Climate change has dramatic influence on farmers’ lives for a simple reason: climate has a decisive impact on crops. That weather conditions have always affected harvests, determining whether each vintage was good or bad, is nothing new.
However, there are some important variations that affect key factors in crop development, such as rainfall, heat and soil quality.
The map of production will change dramatically and it is even possible that some staple crops in certain areas will be abandoned. Production costs and product quality will also change and anyone working in this field will have to take this into account.
An increasingly unpredictable climate creates uncertainty for farmers. It becomes difficult to make very important decisions, such as choosing the type of seed, deciding whether to opt for more or less resistant, early or late varietals, and planning the application of fertilisers and many other elements will become increasingly complex. Although weather forecasts can provide fairly accurate information in the short term, they offer only approximate statistical projections for a season as a whole. In short, it is becoming increasingly difficult to predict what measures should be taken to ensure a good harvest in advance.
The consequences of global warming are becoming apparent in many areas of the world, albeit with some differences. While tropical areas are not particularly affected, other areas are strongly affected by the ongoing change. This is the case with the Mediterranean belt, where the rise in temperature has seen mild winters followed by the occasional summer drought, with heat waves and sudden weather events, such as strong winds and hailstorms.
In addition, some crops, such as cereal crops, ripen earlier than in the past, requiring early harvesting. According to some forecasts, around 2050 crops such as wheat and corn in southern Europe could experience a 50% decline.
However, while the Mediterranean basin must suffer the summer heat and water scarcity, the northern part of the European continent could instead witness a sudden flourishing of agriculture, as more land becomes available due to melting ice and the plant growth season becomes longer and milder.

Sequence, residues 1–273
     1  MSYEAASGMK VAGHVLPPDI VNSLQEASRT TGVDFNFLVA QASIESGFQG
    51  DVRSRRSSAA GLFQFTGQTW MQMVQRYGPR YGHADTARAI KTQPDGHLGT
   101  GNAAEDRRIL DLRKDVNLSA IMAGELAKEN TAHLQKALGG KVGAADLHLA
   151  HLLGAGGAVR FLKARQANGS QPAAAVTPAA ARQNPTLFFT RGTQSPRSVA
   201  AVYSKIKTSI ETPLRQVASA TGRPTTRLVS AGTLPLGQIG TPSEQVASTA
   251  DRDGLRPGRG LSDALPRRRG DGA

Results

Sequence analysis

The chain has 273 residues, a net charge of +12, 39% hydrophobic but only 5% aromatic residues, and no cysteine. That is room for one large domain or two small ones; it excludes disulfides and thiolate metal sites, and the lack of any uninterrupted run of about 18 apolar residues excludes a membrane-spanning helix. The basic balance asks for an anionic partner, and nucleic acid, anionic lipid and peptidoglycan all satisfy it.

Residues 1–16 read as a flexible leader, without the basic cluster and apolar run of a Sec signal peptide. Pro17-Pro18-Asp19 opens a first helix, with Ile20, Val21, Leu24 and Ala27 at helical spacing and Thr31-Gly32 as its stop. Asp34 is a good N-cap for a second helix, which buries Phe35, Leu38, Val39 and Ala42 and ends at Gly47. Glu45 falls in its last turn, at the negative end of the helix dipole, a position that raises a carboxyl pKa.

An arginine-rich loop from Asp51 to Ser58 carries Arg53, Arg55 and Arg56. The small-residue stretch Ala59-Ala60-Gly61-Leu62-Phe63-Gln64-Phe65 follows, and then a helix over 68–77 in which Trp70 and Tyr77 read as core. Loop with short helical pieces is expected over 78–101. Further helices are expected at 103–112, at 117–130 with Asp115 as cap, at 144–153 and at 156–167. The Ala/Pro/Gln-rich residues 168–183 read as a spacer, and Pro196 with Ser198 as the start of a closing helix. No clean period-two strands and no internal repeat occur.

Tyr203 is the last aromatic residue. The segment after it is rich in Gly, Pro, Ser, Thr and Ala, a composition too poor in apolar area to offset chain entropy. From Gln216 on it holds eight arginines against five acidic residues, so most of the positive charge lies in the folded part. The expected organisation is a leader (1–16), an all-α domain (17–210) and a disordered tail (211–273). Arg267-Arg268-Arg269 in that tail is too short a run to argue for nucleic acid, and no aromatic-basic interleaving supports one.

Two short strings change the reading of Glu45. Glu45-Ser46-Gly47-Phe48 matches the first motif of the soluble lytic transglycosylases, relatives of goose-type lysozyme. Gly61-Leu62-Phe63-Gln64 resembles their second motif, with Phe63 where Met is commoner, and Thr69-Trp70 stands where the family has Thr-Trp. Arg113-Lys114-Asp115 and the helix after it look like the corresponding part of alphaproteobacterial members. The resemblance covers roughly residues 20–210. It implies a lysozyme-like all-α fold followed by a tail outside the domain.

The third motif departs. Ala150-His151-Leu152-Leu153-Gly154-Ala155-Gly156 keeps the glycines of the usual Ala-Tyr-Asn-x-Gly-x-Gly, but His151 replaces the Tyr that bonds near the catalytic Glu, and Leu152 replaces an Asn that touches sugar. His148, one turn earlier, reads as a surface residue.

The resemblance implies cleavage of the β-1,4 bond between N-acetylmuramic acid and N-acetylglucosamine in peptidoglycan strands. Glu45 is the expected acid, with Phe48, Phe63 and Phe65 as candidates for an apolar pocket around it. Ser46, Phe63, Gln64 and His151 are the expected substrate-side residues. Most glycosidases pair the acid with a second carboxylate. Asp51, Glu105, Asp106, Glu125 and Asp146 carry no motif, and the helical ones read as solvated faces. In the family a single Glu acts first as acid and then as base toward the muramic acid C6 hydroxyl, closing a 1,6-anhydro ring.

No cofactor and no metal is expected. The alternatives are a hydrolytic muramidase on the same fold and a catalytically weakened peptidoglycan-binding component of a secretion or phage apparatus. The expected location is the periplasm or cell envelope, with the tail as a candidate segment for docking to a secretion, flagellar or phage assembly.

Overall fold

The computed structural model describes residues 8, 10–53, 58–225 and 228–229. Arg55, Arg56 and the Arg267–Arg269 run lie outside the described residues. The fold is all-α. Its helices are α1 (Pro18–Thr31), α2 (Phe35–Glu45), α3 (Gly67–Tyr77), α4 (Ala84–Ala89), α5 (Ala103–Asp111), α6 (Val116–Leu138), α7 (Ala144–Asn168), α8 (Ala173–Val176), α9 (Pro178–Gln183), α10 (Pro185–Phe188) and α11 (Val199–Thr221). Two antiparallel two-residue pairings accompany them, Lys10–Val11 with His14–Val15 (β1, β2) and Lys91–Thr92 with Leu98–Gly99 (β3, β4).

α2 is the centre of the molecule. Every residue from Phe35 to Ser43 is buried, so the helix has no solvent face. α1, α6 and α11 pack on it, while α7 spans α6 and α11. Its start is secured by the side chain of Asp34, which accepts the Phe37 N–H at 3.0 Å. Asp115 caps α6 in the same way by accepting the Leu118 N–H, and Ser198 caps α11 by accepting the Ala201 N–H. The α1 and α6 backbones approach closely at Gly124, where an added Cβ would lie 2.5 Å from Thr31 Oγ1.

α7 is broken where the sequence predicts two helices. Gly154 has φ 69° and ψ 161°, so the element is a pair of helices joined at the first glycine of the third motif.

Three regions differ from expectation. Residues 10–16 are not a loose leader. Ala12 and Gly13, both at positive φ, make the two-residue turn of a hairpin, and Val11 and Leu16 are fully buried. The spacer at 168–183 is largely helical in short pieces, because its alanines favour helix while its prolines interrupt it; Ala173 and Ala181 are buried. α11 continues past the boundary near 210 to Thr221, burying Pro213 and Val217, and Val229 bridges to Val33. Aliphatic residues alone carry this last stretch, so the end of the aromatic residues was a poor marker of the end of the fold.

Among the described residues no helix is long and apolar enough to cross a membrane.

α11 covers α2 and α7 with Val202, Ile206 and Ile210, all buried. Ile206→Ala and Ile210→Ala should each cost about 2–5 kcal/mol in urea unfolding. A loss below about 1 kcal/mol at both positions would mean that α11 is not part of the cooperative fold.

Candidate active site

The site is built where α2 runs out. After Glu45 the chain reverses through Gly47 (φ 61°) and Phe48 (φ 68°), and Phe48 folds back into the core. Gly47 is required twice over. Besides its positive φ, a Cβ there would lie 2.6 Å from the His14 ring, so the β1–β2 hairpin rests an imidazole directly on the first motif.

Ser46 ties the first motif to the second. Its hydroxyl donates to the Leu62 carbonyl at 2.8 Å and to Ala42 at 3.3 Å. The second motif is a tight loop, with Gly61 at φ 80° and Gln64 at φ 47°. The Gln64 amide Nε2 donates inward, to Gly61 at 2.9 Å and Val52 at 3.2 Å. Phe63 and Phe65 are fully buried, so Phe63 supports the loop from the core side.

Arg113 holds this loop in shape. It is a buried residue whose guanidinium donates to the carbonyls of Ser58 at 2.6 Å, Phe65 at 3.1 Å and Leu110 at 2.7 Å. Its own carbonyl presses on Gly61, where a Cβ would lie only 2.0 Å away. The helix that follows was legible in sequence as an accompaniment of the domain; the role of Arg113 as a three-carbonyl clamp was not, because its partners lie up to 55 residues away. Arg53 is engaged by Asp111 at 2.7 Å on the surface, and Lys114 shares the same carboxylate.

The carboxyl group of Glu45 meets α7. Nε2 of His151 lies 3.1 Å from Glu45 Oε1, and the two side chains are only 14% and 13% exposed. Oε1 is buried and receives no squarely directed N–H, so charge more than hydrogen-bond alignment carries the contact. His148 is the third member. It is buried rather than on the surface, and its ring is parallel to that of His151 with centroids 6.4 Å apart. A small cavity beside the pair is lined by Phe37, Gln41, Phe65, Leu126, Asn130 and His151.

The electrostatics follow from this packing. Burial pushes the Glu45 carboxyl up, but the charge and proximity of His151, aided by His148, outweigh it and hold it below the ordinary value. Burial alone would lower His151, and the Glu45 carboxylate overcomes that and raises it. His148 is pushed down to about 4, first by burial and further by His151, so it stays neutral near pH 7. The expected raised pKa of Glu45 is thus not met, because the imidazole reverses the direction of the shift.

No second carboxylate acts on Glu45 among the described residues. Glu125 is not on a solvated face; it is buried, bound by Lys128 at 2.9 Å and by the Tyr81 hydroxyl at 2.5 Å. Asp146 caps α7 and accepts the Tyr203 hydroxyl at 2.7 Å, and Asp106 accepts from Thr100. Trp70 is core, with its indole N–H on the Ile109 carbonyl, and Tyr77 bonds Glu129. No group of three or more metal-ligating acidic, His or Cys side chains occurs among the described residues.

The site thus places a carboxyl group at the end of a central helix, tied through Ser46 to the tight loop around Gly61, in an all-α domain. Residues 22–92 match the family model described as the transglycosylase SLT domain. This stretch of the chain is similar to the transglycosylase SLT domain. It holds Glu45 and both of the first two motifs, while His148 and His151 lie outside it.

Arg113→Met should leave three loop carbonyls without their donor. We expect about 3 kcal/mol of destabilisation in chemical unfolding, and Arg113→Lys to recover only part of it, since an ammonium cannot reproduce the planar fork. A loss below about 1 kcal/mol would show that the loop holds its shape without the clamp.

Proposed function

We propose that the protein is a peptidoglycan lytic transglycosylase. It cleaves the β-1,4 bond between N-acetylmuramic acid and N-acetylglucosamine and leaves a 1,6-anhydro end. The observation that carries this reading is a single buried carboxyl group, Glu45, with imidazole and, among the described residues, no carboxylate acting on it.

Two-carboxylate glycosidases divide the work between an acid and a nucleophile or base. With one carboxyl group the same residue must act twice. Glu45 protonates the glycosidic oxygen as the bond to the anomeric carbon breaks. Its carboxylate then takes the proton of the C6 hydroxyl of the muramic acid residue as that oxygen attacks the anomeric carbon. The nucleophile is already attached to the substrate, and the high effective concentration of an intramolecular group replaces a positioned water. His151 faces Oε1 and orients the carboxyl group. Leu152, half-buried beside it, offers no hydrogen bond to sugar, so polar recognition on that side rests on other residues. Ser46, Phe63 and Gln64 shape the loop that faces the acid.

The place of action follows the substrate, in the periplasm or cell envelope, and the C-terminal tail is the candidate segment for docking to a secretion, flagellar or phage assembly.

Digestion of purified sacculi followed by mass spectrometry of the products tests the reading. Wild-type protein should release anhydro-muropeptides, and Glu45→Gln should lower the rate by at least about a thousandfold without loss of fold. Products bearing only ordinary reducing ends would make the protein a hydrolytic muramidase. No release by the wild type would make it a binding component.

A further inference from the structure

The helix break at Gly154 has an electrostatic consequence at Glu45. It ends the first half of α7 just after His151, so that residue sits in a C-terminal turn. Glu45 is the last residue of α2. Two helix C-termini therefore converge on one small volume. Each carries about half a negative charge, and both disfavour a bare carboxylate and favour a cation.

Things are no different in the rest of the world. Studies found that the famous Corn Belt of the United States, a large macro-region historically dedicated to corn crops, will keep moving further north, until reaching Canada. Other crops traditionally grown in the south of the country, such as soy and cotton, will move to the northern regions, while California, by far the largest producer of almonds in the world, is at risk of losing its orchards in the coming decades.
On the other hand, Russia could experience an explosion in agriculture, as global warming could open up new arable land in the cold northern steppes.
While suffering the consequences of global warming, agriculture also contributes to climate change, in particular by releasing two greenhouse gases into the atmosphere. These gases are methane and nitric oxide, and are for the most part derived from manure and fertilisers.
Emission reduction policies are already in place and are bearing fruit: the European Union reports that emissions from agriculture and livestock decreased by 24% between 1990 and 2012. However, the state of things is not as good when viewed globally: agricultural emissions in the rest of the world increased by 14% between 2001 and 2012. This is explained by the increased demand for food as a result ofpopulation growth and increased production in developing countries
All of these changes, together with the unrelenting food demand from the growing global population, require theimplementation of coordinated strategies at a worldwide level, as well as the adoption of various measures at the local level.
Authorities and international organisations have been taking action on these issues for some time: the European Union has been sponsoring several initiatives, while the FAO (United Nations Food and Agriculture Organization) has more than 300 active programmes and projects to solve problems connected with the volatility of an increasingly unpredictable climate, with special focus on developing countries.
At the local level, FAO pointed out some solutions that can be adopted immediately and in the long term. Practical examples include changing the dates of sowing and harvesting, adopting crop rotation based on water availability, choosing those crop varieties that are best suited to the new climatic conditions.
Other strategies to respond to change include taking measures to capture methane from manure, using fertilisers more sparingly and efficiently, and using the latest state-of-the-art, more effective farming machinery to reduce waste and optimise efficiency.
McCormick has always been at the side of those working in the agricultural sector, providing cutting-edge solutions and efficient technologies to meet the great challenges of today and tomorrow. That’s why the telematic systems in McCormick tractors include satellite guidance and the Isobus function. Learn more about the cutting-edge technology and performance of our tractors.